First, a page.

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Weekly Wisdom 5-24-2016

Post Date: 
Tuesday, May 24, 2016

For the past month or so (and for many months ahead), HR has been participating in a process called Kaizen. Kaizen is a process of continuous improvement. “One of the most notable features of kaizen is that big results come from many small changes accumulated over time.” For a full explanation visit  One component of kaizen is five-S. The 5 steps are: sort, straighten, shine, standardize, and sustain. According to Gwendolyn Galsworth, “Visual order is the foundation of excellence…When (everything) is in its place…, work gets done efficiently and effectively. When it is not in place, work still gets done – but at a level of cost that is hard to justify.”

      I spent part of last Friday doing 5S. To bring you up to speed, I have moved offices seven times since 2011. Many of the moves were done very quickly; once I wasn’t even involved. Colleagues packed and moved my stuff because my time was committed elsewhere. While I had purged a lot of stuff, there was still lots of paper that had been accumulated. I found myself struggling to find things both in paper files and electronic files. I spend time searching for things and then, often, I would have to recreate the document. So, I welcomed the opportunity to sort through my file cabinets. And boy, did I! I filled one and a half huge blue garbage cans with recycling paper. I identified two drawers of paper for shredding. I organized six file drawers of files that are used by a variety of people and are frequently provided in response to public record requests. I can’t tell you have liberating it is to have made such progress. Although I ran across a few items that were historically significant, most of what I examined was not worth keeping. I’d suggest to anyone that they take the time to “sort, straighten, shine, standardize, and sustain.”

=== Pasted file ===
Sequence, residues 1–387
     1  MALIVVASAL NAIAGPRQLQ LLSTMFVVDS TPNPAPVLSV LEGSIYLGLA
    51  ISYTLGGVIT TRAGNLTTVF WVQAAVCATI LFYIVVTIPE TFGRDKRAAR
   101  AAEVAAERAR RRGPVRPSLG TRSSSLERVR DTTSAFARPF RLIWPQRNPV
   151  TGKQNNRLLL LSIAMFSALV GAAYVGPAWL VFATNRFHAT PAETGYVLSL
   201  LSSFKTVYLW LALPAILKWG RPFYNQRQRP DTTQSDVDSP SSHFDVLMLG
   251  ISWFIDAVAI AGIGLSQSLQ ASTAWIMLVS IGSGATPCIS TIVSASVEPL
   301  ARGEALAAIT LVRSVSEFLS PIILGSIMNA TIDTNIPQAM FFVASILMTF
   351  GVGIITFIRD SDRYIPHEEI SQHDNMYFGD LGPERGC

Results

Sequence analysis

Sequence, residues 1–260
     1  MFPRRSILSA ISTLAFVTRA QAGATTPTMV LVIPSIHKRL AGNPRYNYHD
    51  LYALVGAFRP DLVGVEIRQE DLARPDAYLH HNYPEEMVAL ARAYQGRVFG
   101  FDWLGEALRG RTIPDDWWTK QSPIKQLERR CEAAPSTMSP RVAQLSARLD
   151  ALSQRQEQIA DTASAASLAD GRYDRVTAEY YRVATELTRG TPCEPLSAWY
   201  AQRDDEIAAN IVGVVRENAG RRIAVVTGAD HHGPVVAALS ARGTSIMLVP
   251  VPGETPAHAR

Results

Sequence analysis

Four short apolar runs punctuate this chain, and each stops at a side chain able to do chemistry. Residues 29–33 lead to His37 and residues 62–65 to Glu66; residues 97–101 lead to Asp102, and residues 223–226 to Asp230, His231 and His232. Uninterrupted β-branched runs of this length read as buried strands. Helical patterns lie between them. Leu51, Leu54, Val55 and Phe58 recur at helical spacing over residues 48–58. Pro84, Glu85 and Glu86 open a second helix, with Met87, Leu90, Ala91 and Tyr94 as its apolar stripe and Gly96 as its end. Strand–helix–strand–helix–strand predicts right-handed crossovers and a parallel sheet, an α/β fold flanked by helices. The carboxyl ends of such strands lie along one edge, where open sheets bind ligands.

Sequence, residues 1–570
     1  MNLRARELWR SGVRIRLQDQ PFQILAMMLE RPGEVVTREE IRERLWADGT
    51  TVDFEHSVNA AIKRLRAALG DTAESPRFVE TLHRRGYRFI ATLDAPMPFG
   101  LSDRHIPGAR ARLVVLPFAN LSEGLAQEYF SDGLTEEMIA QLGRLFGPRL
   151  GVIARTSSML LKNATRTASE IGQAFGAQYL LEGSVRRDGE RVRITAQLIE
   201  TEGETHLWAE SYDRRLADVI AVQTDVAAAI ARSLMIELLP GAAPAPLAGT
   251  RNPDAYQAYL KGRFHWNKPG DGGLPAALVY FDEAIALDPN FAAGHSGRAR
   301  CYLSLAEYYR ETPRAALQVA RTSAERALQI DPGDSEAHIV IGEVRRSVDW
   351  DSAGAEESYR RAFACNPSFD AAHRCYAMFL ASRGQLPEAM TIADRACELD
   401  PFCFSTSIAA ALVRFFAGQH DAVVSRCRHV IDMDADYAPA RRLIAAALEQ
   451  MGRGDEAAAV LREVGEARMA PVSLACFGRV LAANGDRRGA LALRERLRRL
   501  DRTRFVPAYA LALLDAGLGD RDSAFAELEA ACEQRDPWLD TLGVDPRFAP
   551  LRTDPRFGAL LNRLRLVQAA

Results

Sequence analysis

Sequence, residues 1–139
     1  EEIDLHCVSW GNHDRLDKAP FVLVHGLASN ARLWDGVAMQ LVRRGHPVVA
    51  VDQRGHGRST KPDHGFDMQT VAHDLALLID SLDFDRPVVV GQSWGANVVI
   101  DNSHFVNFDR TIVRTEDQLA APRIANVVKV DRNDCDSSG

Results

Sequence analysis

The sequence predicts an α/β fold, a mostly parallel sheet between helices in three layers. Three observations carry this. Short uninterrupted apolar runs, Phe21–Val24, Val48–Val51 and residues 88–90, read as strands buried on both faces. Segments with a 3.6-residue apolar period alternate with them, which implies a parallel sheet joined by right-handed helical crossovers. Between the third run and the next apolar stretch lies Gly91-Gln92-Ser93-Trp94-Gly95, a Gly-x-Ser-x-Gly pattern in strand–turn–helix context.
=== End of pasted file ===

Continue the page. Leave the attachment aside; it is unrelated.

On another note, I was lucky enough to participate in SOURCE last week. I attended a talk by Mitchell Thomashow on his book, “The Nine Elements of a Sustainable Campus.” The nine elements include:














        Dr. Thomashow was passionate about sustainability and challenged us to think broadly about it. “We succeed and stumble together. We develop expertise while reminding ourselves of the daunting and complex challenges. It is too grandiose to think that we can save the world. But we can do our best to construct thriving communities in our place and time.” Cleaning my office was the first step!

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